Mets hope Church has solved lefties
Of all the hits Monday, outfielder's single may be the biggest
MIAMI -- In the moments that followed Game 1 of the 2001 World Series, while Diamondbacks manager Bob Brenly was basking in the glow of the first Fall Classic victory in the history of the franchise, he noted one subtle aspect of the 9-1 victory that had encouraged him. It hardly was an afterthought when Brenly said, "And almost everybody has a batting average already."
The D-Backs had amassed 10 hits against Mike Mussina and three Yankees relievers, and the hits were spread among seven players. Tony Womack was the only starter who ended the game with .000 next to his name; i.e., almost everybody had a batting average.
Brenly was comfortable because most of his players had overcome inertia in one game. There could be only one 0-fer of Dave Winfield, Gil Hodges or Willie Wilson proportions to undermine the offense in subsequent games. "We got well before anyone got sick," Brenly said.
In a similar manner, the Mets emerged from their Opening Day victory with the same sense of accomplishment. They had accumulated 10 hits in beating the Marlins, 7-2, on Monday, and six of their eight regulars had hits. Only Carlos Delgado and Brian Schneider had gone hitless, and Schneider made good contact in three of his four at-bats.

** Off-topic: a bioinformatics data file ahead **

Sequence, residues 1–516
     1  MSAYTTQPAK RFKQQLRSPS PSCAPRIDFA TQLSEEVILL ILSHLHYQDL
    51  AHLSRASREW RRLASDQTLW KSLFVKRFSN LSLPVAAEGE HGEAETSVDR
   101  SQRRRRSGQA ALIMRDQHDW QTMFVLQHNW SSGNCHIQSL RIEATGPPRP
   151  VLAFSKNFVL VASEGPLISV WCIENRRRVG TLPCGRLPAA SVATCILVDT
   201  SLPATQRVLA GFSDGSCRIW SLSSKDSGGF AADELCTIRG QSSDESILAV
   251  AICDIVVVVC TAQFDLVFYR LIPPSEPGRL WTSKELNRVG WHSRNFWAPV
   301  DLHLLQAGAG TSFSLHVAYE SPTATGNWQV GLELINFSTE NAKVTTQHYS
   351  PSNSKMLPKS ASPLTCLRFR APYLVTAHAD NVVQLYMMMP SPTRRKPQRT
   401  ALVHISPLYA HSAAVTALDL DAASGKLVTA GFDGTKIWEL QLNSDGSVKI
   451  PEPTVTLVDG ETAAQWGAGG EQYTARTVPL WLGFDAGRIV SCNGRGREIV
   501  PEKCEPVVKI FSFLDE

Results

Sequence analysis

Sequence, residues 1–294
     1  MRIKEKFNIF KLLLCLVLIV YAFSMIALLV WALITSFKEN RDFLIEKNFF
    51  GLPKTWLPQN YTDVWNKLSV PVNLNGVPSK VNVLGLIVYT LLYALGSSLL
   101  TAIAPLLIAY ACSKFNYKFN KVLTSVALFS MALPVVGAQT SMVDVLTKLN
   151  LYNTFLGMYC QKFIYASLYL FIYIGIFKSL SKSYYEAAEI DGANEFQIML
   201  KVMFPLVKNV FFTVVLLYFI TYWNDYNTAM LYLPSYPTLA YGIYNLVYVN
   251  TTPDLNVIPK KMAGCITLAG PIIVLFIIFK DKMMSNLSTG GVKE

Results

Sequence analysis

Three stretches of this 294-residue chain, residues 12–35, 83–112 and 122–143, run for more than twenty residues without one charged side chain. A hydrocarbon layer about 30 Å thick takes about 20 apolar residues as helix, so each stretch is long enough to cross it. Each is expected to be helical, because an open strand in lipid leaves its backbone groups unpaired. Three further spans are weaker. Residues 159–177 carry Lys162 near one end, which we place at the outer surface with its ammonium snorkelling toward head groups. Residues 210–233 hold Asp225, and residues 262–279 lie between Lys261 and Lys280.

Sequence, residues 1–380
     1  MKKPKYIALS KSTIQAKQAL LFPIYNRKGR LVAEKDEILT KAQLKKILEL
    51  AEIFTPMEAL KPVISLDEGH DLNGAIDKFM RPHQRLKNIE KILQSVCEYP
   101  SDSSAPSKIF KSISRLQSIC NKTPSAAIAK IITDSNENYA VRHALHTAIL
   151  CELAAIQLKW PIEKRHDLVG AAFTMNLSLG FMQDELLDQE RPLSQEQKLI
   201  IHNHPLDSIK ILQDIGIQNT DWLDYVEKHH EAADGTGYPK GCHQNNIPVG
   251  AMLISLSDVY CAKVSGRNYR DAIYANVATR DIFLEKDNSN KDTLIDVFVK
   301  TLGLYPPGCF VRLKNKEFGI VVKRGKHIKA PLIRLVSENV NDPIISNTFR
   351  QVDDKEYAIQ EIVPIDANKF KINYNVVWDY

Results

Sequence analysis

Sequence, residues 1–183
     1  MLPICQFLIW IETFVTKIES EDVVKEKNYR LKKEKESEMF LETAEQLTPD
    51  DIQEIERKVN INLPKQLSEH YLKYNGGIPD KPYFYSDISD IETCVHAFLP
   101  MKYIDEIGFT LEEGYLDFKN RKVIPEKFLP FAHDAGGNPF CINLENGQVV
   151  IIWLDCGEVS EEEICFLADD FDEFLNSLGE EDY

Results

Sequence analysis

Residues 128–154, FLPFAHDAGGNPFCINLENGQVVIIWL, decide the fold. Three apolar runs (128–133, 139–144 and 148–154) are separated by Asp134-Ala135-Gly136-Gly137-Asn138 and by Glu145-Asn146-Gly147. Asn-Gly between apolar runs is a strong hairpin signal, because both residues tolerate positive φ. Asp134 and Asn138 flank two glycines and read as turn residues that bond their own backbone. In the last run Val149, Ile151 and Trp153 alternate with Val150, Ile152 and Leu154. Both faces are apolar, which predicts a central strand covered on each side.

Moreover, Marlon Anderson had a pinch-hit single, a broken-bat special.
"You never worry about how any of them look," Anderson said. "Especially the first one. You get the first one out of the way any way you can, so you don't have those zeros hanging over your head."
The most important of the Mets' hits, of course, was the bases-loaded double by David Wright in the fourth inning that produced the final three runs in the Mets' six-run rally; not that anyone had anticipated an extended 0-fer for Wright. In a broader sense, though, the single by Ryan Church against left-handed starting pitcher -- emphasis on left-handed -- Mark Hendrickson was more significant.
Church's production against left-handed pitching is one of the developments to monitor in the early weeks of the season. Church batted .229 in 118 at-bats against left-handed pitchers last season, and he had a .254 career average against them before he pulled a single through the right side to drive in the second run of the inning.
Manager Willie Randolph has said Church is his everyday right fielder, though he has acknowledged that a day off for Church probably would come against a left-handed starter. The manager was pleased by the hit.
"He didn't try to do too much," Randolph said. "He was trying to help us win."
Church was pleased, too.
"It has to start somewhere," he said. "Just as well that it came in the first game. Nice to get it out of the way early and win."
Marty Noble is a reporter for MLB.com. This story was not subject to the approval of Major League Baseball or its clubs.